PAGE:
Configured Commerce - .NET Has Arrived!
Configured Commerce - .NET Has Arrived!
Winter is my least favorite time of the year. All my cohorts in Sweden know what we deal with here in Minnesota - frigid temperature, heaps of snow, and old cars that just won't start up. It has already been below freezing several times this year, and we're only looking at colder and colder temperatures as the sun hangs lower in the sky.
At least I have the warm glow of my computer screens to keep me warm, especially as they come with a major change to how our platform is built: .NET (formerly .NET Core). Note that I will be referring to the new .NET as “.NET” for the rest of this article, and the legacy version as “.NET Framework.”
Today, Configured Commerce is built on top of .NET Framework 4.8, the legacy version of this architecture that runs only on Windows. .NET is a platform-agnostic infrastructure that inherits quite a bit from .NET Framework's functionality while providing significant boosts in performance and flexibility.
Our November release is slated to be the first that supports .NET builds (in Beta) and allows for partners and customers to build their extensions project with the new, fun toys. So, what does this mean for Configured Commerce customers?
This release is not intended for Production consumption
This is a beta release of .NET for Configured Commerce. It includes full support to build projects with .NET extensions and Linux containers in the hosted environment, but we are expecting many bugs to be found. Optimizely will provide dockerfiles for local builds as a part of the release, so partners will be able to immediately jump in and start building projects against this code.
The .NET release is as backwards compatible as possible
While I expect that partners will need to make some changes to their extensions code related to deprecated or changed functionality in .NET versus .NET Framework, the Optimizely engineering team has already tested against Optimizely Expert Services-implemented customers as a part of this building process and have had positive results there regarding the amount of necessary rework.
.NET 8 is Coming!
I chose an auspicious day to announce this ahead of this week's release, as .NET 8 has just moved to full release as I am writing this (November 14, 2023). We intend to move this implementation to .NET 8 as quickly as possible, as it is the LTS (Long Term Support) version for .NET, with support through 2026. Changes for .NET 7 vs .NET 8 are expected to be minimal and production implementations for customers will likely be in .NET 8 vs .NET 7.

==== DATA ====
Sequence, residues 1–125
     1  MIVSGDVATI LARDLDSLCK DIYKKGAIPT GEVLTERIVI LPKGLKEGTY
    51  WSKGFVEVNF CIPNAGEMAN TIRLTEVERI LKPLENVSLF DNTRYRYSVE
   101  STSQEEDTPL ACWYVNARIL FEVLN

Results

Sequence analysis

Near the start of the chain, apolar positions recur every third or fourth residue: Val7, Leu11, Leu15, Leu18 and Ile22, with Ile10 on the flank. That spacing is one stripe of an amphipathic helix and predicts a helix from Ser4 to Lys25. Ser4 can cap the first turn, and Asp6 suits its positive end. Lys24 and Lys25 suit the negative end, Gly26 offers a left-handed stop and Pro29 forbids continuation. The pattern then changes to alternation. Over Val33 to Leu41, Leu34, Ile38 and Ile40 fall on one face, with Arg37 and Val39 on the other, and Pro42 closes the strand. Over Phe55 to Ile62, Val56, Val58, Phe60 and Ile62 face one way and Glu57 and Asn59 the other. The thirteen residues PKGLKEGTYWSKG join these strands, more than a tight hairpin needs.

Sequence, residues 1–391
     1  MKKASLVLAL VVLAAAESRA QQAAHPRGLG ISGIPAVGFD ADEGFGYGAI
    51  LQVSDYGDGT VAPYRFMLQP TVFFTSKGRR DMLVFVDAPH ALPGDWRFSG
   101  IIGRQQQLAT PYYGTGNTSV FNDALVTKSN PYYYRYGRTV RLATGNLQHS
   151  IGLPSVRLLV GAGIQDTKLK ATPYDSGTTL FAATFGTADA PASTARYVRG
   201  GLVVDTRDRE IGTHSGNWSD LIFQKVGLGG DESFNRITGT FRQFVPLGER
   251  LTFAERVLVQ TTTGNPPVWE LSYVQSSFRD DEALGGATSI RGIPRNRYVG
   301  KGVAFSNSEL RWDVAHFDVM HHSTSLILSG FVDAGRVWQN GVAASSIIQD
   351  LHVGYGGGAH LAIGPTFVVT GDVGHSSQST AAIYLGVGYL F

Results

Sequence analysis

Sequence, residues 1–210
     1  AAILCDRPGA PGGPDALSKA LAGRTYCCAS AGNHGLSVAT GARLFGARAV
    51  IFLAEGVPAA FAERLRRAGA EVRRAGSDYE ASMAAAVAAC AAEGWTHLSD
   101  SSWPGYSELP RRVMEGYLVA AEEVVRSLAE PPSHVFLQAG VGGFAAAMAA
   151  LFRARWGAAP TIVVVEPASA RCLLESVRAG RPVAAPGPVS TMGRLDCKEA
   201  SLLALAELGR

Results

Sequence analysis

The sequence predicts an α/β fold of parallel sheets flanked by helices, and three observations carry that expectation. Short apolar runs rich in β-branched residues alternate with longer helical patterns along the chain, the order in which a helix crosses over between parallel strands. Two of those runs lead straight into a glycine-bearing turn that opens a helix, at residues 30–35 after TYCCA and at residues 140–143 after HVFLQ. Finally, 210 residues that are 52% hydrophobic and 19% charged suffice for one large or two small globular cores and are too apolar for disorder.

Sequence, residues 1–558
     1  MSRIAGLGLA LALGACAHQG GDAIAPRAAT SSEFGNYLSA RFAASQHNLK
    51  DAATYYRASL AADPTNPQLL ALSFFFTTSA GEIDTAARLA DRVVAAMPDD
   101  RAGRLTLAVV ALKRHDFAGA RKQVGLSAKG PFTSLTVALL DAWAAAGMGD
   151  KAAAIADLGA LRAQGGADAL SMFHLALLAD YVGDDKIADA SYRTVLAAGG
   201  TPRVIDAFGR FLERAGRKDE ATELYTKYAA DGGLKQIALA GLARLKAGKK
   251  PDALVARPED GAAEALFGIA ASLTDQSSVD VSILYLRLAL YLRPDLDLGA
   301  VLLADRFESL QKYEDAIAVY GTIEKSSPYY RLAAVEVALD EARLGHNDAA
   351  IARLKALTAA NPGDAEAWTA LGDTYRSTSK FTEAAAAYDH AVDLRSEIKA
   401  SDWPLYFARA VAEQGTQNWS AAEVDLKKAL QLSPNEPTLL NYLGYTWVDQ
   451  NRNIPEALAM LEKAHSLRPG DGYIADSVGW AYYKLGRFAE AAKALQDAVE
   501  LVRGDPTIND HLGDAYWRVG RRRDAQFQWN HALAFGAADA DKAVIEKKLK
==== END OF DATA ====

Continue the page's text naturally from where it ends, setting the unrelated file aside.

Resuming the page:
When will .NET be available for production consumption?
Partners should be able to start building against .NET immediately upon the November release. Optimizely will need to take the bugs and other concerns raised by our partner network for this release into consideration before we talk about a truly production-ready General Availability. Best-case, this is the December (2312) release, as our team is already working through most of the internally-discovered bugs.
What Does .NET get me?
This is the important question. .NET provides some performance improvements in the application itself, with faster API calls across the board, but it also provides the biggest potential improvements with the hosting environment. .NET is platform agnostic, so unlike .NET Framework, it can run on Linux Kubernetes containers. Linux containers are lighter weight than Windows containers, can be spun up more quickly, and in the future, will be included in autoscaling for the Configured Commerce application.
Yes, while it will not yet be available in the beta release, we intend to implement autoscaling in environments for horizontal scaling (more replicas) against increasing traffic load. I'll be ready to talk more about this when I have more data available and can present a comprehensive plan regarding how autoscaling will work.
Will I be forced to upgrade to .NET from .NET Framework?
We are not force-migrating customers. However, once our partner network has begun to get their hands on the code and provide us with feedback, we will determine a future version in which extensions can only be built against .NET, not .NET Framework. This means that .NET Framework support will be limited to versions of Configured Commerce up to that point, and no versions released after that. This is likely to be in the second half of 2024, based on the information known today, but this is subject to change.
So how do I get started?
If you're already interested in .NET - talk to your implementation partner about reviewing your custom extensions as they begin their testing .NET. We will make an announcement (and it will be in release notes) when we have .NET in GA.
It has been a long journey to get .NET as the underlying architecture for this application. I expect that the changes to reliability and speed will delight you as much as they do me.